Strange Disappearances at the Cursed Devil’s Gate Reservoir
This dry, brush-filled flood channel in Pasadena is appropriately named. It’s the scene of some truly diabolical events.
The grim story begins on August 5, 1956, just a few miles east of Devil’s Gate. That day, Donald Lee Baker, a 13-year old Azusan, went for a bike ride with Brenda Howell, 11, from Fort Bragg, who was visiting relatives next door. They headed for the San Gabriel Reservoir that Sunday morning, and were last seen alive that evening.
When they failed to return on Sunday night, their frightened parents notified police, who called out an all-points search for the missing children. Azusa police, Los Angeles County Sheriff’s deputies, and hundreds of volunteers combed the suburbs and foothills of the San Gabriel Valley, while Navy frogmen plumbed the 60-foot depths of the reservoir. The only traces of the children found were their bicycles, and Brenda’s jacket.
Donald and Brenda’s disappearance was unsolved until thirteen years later, when a man named Mack Ray Edwards confessed to kidnapping and killing the pair, along with three other children. Edwards, who had helped build Southern California’s freeways, had hidden his victims’ bodies by planting them in highway land that he would pave with asphalt the next day. Convicted and sentenced to death at his own request, Edwards cheated San Quentin’s “Green Room” by hanging himself in his cell in 1970.
But two other young victims are still unaccounted for today, having disappeared in this area under even stranger circumstances. On March 23, 1957, eight-year old Tommy Bowman was hiking on a trail above Devil’s Gate with his family, when he ran a few yards ahead of the others, rounded a corner…and disappeared.
When Tommy’s family searched the brush and repeatedly called his name to no avail, a 400-member search party was sent out, complete with helicopters, mounted patrols, bloodhounds, and professional wilderness trackers. After scouring the entire area for a week, hacking through chaparral and delving crevices and holes just off the trail, the search was called off. Rumors of kidnappers and child molesters were thoroughly investigated, and discounted. Tommy’s disappearance has never been explained or solved.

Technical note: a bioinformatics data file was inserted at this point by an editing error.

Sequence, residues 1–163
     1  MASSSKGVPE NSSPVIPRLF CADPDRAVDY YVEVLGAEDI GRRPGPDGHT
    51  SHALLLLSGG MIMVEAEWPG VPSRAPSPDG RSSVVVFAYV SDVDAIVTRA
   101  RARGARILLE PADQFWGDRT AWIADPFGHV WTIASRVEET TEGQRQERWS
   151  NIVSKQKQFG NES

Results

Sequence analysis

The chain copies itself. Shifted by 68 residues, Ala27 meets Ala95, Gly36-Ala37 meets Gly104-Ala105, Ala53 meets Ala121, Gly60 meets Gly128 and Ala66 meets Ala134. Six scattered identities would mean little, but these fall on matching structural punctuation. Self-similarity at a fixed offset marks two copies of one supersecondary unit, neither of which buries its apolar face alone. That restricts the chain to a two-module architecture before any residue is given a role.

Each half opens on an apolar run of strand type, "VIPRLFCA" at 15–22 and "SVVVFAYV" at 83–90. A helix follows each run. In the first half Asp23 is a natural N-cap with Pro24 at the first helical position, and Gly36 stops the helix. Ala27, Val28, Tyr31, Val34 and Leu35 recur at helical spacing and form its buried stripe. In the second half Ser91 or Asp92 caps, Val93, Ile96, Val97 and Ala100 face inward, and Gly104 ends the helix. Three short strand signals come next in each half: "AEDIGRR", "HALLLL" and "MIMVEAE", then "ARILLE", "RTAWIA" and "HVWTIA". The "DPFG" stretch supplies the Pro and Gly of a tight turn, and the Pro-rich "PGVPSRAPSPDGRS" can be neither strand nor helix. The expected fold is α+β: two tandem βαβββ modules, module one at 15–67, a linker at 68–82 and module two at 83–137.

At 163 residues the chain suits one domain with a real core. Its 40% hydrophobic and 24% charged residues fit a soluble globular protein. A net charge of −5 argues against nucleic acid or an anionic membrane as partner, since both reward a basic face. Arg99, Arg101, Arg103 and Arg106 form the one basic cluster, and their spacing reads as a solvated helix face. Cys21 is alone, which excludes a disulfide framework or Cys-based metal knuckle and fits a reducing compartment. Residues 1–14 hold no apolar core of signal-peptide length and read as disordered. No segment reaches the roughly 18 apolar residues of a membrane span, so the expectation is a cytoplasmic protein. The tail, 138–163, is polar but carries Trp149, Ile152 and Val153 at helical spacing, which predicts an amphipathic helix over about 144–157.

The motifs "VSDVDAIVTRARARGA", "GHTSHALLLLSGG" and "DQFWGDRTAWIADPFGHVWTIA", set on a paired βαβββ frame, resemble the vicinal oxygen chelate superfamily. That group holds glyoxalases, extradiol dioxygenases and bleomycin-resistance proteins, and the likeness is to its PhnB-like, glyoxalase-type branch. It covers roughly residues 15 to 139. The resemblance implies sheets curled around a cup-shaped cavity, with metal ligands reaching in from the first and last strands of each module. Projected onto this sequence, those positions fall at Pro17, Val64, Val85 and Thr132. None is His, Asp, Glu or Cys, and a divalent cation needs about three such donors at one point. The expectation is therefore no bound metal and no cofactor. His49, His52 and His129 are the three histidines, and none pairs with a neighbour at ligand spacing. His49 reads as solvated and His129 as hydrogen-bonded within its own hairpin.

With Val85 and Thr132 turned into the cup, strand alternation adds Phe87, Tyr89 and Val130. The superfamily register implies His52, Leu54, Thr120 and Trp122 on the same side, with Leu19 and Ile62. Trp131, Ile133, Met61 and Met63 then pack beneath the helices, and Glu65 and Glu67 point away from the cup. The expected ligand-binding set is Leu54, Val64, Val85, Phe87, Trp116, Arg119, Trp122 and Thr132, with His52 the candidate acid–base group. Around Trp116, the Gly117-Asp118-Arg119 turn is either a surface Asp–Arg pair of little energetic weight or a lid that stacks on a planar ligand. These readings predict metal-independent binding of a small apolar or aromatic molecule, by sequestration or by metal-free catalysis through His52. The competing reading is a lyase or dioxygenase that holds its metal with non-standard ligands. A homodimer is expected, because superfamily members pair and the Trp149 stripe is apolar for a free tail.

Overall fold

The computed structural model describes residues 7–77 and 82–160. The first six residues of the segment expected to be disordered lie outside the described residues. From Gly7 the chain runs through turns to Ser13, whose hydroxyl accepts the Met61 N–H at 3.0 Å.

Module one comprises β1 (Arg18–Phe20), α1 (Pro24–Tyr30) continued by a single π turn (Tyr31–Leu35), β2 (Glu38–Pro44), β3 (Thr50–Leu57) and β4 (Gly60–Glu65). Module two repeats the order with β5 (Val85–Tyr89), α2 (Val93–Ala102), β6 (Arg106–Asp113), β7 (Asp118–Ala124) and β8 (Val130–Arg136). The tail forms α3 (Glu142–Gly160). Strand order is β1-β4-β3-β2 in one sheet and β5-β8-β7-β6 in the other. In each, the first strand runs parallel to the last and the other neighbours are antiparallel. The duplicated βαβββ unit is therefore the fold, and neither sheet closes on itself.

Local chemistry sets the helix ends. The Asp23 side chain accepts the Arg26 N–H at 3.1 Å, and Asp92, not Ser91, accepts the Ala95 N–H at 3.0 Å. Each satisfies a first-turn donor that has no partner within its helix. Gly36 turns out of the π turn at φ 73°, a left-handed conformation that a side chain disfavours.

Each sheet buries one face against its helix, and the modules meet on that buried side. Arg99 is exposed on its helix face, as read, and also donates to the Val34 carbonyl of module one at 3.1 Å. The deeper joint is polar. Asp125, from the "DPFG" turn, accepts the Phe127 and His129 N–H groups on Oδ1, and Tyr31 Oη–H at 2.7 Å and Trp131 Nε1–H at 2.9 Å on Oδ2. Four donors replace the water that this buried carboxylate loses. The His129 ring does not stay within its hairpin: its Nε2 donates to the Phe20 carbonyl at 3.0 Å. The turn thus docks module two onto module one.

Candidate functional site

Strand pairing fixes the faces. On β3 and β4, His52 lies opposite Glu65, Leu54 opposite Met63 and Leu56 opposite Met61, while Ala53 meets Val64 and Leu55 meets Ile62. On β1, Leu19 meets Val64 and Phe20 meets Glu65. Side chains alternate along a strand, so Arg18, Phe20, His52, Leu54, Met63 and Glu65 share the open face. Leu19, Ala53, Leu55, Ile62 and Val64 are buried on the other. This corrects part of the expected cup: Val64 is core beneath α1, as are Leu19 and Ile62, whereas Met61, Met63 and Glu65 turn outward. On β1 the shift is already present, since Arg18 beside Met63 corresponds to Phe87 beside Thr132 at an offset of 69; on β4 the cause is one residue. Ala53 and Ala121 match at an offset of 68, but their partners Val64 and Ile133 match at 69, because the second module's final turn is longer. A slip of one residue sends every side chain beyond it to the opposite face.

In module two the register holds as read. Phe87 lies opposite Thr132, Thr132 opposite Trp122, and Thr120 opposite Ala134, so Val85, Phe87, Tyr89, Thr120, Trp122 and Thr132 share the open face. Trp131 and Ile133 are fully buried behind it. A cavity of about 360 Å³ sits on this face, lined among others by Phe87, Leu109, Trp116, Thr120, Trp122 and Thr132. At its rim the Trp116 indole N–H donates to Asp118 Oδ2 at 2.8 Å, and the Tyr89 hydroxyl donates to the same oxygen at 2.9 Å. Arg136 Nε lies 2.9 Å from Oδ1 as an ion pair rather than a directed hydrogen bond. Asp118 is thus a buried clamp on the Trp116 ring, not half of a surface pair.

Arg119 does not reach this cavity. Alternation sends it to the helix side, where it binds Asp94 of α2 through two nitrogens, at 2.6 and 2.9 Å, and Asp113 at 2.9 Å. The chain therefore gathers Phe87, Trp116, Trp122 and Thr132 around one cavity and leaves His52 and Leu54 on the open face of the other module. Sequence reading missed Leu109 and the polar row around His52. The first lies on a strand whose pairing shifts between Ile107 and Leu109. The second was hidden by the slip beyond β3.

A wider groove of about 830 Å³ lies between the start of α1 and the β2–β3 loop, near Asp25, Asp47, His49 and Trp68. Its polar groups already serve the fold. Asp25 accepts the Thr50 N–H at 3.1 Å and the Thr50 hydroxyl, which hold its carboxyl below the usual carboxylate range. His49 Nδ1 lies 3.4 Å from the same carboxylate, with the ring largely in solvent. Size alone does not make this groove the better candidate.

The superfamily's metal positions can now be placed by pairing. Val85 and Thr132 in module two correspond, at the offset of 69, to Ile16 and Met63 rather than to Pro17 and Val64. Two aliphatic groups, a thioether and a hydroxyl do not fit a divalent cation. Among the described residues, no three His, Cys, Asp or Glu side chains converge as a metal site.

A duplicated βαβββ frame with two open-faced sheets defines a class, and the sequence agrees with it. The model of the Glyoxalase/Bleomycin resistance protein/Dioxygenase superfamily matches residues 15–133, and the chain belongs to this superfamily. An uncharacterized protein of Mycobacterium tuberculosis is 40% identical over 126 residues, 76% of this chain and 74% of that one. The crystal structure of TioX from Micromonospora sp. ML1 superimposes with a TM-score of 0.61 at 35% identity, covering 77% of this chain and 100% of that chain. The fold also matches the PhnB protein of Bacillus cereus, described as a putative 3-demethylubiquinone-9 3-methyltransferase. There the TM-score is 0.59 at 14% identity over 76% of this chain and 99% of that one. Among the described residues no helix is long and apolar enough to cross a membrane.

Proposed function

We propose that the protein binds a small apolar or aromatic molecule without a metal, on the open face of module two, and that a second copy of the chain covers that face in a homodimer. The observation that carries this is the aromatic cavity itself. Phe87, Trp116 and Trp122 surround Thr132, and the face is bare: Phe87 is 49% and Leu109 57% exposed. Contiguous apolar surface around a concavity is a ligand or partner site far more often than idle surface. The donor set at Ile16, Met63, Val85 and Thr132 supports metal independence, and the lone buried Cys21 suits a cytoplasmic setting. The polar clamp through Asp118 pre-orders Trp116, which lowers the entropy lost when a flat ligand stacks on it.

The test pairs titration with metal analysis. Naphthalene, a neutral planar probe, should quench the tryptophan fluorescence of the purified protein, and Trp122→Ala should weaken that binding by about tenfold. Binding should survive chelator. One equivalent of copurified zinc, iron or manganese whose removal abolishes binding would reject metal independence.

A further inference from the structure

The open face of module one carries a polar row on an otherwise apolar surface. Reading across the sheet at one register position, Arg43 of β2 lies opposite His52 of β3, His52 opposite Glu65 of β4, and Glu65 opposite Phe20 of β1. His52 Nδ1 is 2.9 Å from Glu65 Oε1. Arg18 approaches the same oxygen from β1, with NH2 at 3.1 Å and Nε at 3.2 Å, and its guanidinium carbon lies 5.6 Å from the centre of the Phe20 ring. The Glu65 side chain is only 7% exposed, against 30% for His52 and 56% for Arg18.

Yet another child followed Tommy into oblivion just three years later. Six-year old Bruce Kremen was on a hike with his YMCA group not far from where Tommy Bowman vanished, when he began to tire and fall behind the others. Thinking the boy was winded by the exercise and the high altitude, the group leader told Bruce to return to the camp––in plain sight just 300 yards away––and rest. The adult leader then watched Bruce walk the length of the wide, marked trail. When the boy was just yards away from camp, the man rejoined the other children.
But something got Bruce Kremen in those last few steps between the trailhead and the camp. He never made it back, and was never seen again.
Again, a massive search party tore the region apart. Again, there was no evidence of kidnapping or molestation. And again, the San Gabriels claimed a young victim, leaving no clues, no suspects, no remains––and no solution to the cases to this day.
The brutal murders of Donald Lee Baker and Brenda Howell, and the eerie disappearances of Tommy Bowman and Bruce Kremen, led some people to speculate that a curse or jinx hung over Devil’s Gate Reservoir. Much of this speculation centered on the activities of one John Whiteside (Jack) Parsons, co-founder of the Jet Propulsion Laboratory and resident of nearby Pasadena.
Parsons, a brilliant, self-taught rocket scientist whom Werner von Braun called the true founder of the American space program, was also a first-rank occultist. A devotee of Aleister Crowley’s teachings, Parsons joined the infamous English occultist’s Ordo Templi Orientis society in 1941, quickly taking over the group’s Agape Lodge in Los Angeles.
Parsons’ mansion on South Orange Grove Avenue in Pasadena became the center of Southern California occult bohemia in the 1940s. Notorious for its semi-public “sex magick” ceremonies, chez Parsons was for awhile the home of ex-Navy officer and science-fiction writer L. Ron Hubbard. Parsons saw Hubbard, the future founder of Scientology, as a natural magician, and worked with him in a series of strange rituals designed to create a “moonchild”––a sort of anti-Messiah that would overthrow Judeo-Christian civilization, and lead Earth into a new Aeon.
The rituals, which took place in the Southern California outback in late 1946, were said to have opened a portal to another dimension that’s since been a point of entry for all sorts of strange entities. Some occult authors have hinted that the portal is in the Devil’s Gate region, and that the negative energies and beings that pass through it are responsible for the murders and disappearances.